Both allegations involve out-of-state Dean supporters misrepresenting themselves as Iowans.
Sen. John Kerry's Iowa campaign manager said a Dean worker from Georgia confessed Thursday that he and another Dean supporter had falsely told Kerry's staff that they were Iowans interested in the senator's effort. John Norris said the young men had appeared at Kerry's Creston office this week, said they lived in the area, and asked unusually detailed questions about Kerry's campaign efforts.
Dean spokeswoman Sarah Leonard said Norris' letter was a surprise. "It's very disconcerting," she said Thursday evening. "It's a very serious allegation, and we are trying to get to the bottom of it."
The charges came amid speculation that Dean's corps of out-of-state supporters would try to steal the election by passing themselves off as Iowans on caucus night.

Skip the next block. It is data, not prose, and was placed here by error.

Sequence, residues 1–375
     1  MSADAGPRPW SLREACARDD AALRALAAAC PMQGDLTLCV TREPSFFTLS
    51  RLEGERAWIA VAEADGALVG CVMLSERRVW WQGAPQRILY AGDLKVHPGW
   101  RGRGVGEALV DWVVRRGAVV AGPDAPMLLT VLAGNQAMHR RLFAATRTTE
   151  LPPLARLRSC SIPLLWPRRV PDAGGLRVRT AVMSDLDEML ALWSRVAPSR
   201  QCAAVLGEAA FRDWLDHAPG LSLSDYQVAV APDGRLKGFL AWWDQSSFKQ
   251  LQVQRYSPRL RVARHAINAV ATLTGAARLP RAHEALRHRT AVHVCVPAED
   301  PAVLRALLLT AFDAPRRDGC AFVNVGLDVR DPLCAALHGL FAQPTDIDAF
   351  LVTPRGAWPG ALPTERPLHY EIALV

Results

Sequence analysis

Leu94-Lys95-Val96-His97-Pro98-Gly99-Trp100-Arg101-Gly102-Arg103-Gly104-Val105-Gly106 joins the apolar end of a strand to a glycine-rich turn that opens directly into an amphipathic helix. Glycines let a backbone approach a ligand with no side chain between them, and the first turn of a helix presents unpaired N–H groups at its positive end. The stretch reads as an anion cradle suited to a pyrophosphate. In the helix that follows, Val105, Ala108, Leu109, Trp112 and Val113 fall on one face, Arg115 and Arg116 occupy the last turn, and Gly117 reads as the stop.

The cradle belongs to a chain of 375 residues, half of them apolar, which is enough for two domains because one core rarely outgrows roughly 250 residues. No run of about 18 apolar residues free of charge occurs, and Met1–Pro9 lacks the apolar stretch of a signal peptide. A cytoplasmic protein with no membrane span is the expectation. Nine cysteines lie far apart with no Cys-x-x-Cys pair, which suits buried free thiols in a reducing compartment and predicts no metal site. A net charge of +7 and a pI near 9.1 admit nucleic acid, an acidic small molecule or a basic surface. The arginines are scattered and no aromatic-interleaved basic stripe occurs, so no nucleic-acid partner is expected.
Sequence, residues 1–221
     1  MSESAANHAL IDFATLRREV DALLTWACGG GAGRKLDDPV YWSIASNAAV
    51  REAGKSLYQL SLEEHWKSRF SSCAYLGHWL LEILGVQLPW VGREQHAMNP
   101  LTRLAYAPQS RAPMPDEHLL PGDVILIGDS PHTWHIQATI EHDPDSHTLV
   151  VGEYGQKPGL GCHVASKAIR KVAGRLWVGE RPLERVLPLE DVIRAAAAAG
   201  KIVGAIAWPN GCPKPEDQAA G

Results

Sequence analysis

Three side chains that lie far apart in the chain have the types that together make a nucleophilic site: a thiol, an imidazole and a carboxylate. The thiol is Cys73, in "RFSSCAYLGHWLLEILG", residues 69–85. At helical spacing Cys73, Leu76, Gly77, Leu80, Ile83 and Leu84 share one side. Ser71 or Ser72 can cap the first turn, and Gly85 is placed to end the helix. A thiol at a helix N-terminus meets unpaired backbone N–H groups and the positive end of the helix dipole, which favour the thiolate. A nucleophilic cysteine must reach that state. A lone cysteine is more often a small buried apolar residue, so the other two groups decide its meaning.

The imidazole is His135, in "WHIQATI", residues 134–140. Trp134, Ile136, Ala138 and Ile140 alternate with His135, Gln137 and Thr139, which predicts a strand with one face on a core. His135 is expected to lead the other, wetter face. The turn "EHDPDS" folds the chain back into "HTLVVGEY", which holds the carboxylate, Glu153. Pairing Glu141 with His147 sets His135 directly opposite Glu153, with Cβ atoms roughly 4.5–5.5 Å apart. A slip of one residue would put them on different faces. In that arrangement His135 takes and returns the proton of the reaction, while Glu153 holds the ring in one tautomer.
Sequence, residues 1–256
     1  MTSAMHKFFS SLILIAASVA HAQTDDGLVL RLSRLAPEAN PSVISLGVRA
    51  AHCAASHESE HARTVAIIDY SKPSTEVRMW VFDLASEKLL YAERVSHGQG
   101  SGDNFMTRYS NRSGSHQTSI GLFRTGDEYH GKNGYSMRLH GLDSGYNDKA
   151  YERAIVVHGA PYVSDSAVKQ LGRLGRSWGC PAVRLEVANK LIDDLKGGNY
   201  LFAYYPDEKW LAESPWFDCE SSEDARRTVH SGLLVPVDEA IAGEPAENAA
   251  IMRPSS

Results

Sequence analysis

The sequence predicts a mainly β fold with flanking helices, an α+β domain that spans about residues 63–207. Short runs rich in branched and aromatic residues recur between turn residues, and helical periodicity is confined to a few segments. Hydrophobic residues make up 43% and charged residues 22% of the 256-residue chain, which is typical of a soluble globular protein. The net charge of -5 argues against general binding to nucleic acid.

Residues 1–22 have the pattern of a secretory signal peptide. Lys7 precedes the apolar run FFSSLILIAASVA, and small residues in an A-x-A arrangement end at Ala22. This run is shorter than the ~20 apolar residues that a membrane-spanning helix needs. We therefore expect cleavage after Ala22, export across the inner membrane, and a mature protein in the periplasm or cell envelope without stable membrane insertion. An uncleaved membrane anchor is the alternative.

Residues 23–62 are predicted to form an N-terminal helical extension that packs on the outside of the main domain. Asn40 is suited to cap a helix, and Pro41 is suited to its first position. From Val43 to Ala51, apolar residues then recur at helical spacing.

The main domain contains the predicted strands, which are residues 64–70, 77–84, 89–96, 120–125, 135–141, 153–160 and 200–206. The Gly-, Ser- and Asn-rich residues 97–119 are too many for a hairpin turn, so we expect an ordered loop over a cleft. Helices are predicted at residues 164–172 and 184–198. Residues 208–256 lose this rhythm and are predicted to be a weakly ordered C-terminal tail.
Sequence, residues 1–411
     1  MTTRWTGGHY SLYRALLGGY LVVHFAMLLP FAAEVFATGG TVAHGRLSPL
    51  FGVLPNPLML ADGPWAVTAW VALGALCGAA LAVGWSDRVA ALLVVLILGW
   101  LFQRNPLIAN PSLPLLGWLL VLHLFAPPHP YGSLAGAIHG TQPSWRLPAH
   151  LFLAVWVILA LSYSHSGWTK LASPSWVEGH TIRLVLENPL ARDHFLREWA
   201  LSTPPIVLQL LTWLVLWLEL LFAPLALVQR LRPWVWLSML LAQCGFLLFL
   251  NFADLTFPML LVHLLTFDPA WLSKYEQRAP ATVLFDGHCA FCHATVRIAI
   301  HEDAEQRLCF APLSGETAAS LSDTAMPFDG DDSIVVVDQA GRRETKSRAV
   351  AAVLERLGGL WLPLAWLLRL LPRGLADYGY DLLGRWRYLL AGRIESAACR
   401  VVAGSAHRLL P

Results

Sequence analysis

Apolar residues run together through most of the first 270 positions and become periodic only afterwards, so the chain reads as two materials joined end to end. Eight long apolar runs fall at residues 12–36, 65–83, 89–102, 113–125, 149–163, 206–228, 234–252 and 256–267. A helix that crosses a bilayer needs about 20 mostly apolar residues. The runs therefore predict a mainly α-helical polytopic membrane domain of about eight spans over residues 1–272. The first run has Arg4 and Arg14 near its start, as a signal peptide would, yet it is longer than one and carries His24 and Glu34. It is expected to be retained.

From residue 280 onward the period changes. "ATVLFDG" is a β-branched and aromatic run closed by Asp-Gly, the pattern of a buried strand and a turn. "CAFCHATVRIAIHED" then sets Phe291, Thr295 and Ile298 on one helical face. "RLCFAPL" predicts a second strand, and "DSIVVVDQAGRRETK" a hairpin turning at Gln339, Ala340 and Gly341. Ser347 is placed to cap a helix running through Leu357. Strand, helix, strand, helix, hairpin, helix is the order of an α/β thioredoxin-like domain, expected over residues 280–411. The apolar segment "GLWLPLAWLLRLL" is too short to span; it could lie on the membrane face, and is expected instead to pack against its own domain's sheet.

Dean's campaign has denied any such plan, but the rumor boiled up again Thursday in a letter from the campaign manager for Missouri Rep. Dick Gephardt. Steve Murphy complained to his Dean counterpart, Joe Trippi, that an unidentified Dean staffer had confessed the plan.
“Dean Fires 2 Campaign Aides” Ed Tibbetts, Quad-City Times, 1/9/04
Howard Dean’s presidential campaign in Iowa fired two workers Thursday who were accused earlier in the day of trying to infiltrate rival John Kerry’s campaign.
In a letter to the Kerry camp, Jeani Murray, Dean’s Iowa campaign manager, said the two were terminated after an investigation prompted by complaints by John Norris, who is running Kerry’s Iowa effort.
Norris complained in a letter to Murray earlier in the day that the two men claimed to work for Dean and approached the Massachusetts senator’s Creston, Iowa, office, earlier in the week asking about the operation. Norris said one of the men, Mitch Lawson, admitted Thursday to being employed by Dean and said they were trying to get their hands on “calling scripts.”
Sarah Leonard, a Dean spokesperson, said the two only recently joined the campaign and are from out of state. She did not say what they specifically tried to do, but in her letter, Murray said, “we will not tolerate any misrepresentation of the Dean campaign in any way.”